More airlines settle collusion lawsuit

More airlines settle collusion lawsuit
Thai Airway International

Thai Airways International is likely to pay out compensation this year as part of the settlements on a class-action lawsuit involving collusion on airline ticket sales, as the case is coming to an end.

US law firms Cotchett, Pitre & McCarthy and Hausfeld announced on Monday that three more airlines had decided to settle the class-action suit, boosting the settlement fund to US$39.5 million (S$54.7 million).

In late 2013, THAI was one of five airlines - Japan Airlines International, Air France, Vietnam Airlines and Malaysian Airline System - that agreed to a settlement of $22.2 million.

The airlines will have to pay the sum once a Californian court approves the settlements this year.

According to the law firms, the fund will be distributed to passengers who bought tickets for travel across the Pacific since 2000.

"Settlements have been reached with eight airlines in a class-action lawsuit involving the price of airline tickets.

The settling defendants are: Air France; Cathay Pacific; Japan Airlines; Malaysia Airlines; Qantas; Singapore Airlines; Thai Airways; and Vietnam Airlines.

The lawsuit continues against five non-settling defendant airlines: Air New Zealand; All Nippon Airways (ANA); China Airlines (Taiwan); EVA Airways; and Philippines Airlines," the law firms said in a statement.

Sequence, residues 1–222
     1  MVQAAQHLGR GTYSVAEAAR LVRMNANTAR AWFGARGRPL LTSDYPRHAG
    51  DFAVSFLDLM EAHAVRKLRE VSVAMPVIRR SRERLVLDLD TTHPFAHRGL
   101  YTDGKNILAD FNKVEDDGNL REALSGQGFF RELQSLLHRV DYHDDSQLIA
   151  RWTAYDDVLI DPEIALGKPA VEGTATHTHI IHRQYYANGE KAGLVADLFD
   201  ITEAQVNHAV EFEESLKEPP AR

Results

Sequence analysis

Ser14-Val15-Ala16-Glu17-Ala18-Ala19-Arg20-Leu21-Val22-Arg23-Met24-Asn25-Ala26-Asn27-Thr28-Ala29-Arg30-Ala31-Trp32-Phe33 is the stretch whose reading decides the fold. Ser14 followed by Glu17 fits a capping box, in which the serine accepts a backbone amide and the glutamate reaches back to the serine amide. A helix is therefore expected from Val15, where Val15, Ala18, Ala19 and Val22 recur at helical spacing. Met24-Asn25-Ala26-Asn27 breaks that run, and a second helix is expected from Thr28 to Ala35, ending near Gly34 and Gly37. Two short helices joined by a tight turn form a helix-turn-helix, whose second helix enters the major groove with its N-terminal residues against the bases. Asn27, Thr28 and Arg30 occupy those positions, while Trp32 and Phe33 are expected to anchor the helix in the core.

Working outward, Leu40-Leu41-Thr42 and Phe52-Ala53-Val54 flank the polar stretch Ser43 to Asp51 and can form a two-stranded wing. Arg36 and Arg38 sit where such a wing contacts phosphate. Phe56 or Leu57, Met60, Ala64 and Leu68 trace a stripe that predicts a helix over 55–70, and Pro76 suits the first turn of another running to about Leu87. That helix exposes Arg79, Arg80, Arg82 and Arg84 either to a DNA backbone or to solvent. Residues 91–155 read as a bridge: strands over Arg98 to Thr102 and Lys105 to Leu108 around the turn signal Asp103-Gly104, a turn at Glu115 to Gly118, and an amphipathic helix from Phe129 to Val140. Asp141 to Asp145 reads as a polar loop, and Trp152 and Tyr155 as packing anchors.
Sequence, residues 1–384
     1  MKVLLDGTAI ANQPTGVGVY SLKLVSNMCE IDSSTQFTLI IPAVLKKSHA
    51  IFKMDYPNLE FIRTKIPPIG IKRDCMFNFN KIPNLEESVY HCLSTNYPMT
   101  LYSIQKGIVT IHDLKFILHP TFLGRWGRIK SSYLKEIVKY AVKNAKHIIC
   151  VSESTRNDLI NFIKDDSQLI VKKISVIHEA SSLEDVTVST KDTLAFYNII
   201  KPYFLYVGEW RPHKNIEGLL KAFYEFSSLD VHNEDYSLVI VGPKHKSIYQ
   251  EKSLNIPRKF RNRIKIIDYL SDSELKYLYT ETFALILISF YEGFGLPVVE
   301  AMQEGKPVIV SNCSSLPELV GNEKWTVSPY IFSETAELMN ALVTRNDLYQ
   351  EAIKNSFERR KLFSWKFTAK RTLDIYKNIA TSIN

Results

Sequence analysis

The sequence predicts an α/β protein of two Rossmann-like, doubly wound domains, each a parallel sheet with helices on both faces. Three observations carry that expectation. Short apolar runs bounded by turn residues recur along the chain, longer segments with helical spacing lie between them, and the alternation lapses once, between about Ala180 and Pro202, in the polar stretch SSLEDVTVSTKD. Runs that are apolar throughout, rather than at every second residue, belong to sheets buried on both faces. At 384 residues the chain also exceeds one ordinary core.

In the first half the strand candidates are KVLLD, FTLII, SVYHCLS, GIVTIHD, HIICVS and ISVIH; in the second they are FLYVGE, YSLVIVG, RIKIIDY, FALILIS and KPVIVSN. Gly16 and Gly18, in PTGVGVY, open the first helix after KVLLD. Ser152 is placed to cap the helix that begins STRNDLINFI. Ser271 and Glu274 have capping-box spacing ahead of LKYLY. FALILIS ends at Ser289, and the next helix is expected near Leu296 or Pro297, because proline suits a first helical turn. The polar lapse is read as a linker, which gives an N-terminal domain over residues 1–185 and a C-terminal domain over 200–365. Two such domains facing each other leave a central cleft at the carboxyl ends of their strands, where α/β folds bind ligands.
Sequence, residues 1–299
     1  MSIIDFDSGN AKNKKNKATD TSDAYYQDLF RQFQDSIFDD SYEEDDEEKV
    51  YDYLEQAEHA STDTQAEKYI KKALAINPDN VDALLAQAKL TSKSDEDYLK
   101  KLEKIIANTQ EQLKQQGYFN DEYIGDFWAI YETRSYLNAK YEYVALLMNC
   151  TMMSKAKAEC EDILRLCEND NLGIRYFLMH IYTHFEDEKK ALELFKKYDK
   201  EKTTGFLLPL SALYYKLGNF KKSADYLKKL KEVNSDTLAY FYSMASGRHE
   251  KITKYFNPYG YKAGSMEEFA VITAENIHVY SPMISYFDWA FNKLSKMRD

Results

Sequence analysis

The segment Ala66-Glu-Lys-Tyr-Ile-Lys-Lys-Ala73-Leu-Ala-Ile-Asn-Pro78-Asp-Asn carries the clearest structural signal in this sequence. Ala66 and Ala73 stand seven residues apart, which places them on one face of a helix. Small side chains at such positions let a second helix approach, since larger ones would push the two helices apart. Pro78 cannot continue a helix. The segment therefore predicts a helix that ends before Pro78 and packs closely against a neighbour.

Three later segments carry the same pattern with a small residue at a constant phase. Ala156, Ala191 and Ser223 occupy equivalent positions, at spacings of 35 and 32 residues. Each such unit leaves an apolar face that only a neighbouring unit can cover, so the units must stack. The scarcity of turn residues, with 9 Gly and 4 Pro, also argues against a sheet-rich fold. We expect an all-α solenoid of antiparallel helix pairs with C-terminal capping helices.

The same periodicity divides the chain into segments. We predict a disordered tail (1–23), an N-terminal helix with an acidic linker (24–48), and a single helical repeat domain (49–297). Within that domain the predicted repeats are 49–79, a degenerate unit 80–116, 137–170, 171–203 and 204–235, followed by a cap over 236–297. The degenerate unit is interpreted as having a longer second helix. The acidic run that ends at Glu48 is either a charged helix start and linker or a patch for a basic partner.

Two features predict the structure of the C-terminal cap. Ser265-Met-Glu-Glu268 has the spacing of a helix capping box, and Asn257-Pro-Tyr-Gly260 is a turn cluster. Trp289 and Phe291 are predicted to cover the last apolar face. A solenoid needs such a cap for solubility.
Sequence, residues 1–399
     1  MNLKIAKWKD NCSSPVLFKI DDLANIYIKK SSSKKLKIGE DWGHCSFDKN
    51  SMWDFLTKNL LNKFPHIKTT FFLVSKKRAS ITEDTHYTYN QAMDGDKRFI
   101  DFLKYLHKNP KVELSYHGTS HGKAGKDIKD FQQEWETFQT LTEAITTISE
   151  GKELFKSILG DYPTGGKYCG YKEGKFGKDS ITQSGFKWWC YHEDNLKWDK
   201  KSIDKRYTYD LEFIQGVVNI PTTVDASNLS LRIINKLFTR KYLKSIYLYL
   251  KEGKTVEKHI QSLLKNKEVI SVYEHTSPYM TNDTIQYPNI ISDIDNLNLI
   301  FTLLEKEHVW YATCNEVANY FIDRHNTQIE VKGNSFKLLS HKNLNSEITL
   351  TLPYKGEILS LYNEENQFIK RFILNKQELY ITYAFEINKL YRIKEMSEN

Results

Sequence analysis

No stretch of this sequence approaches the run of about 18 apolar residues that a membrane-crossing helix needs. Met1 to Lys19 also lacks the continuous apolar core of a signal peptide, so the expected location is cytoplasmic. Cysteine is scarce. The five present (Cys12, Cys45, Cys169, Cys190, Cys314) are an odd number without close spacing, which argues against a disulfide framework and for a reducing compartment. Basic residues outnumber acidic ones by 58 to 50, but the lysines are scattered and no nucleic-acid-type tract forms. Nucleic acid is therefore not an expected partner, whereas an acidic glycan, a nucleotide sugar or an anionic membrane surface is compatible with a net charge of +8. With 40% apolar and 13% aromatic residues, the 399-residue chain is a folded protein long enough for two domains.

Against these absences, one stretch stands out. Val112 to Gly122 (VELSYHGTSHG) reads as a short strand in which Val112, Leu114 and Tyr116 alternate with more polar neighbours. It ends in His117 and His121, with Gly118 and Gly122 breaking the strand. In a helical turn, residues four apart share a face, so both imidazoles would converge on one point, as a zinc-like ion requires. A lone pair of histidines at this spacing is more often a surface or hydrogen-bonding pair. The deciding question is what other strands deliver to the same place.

They also vowed to pursue the lawsuit against the other airlines that have failed to settle.

Philippine Airlines, Air New Zealand, ANA and Cathay Pacific Airways have claimed that the plaintiffs have not proven that the proposed settlement classes meet US federal commonality requirements.

The suit was brought in 2007 against 26 airlines, alleged of fixing prices on tickets for trans-Pacific air travel. As a result, ticket purchasers may have paid more than was necessary.

This affected those who bought a ticket for air travel from one of those 26 airlines. To be eligible for refund, the bought tickets must include one flight segment between the US and Asia or Oceania.

According to the plaintiffs' law firms, a federal court in California will hold a hearing in this case on May 22, to consider whether to approve the settlements. If it does, the fund will be then distributed to the purchasers of the tickets in question.

According to the law firms, to be eligible for the fund, purchasers will need to submit a claim form online or by mail.

The earliest deadline to file a claim is September 19, 2015, but they will have until 120 days after the settlements become final and effective to file a claim.

Purchasers who do not file a claim within a specified period will not get a payment and will give up the right to sue. Purchasers who want to keep the right to sue the defendants must exclude themselves from the settlement by April 17.

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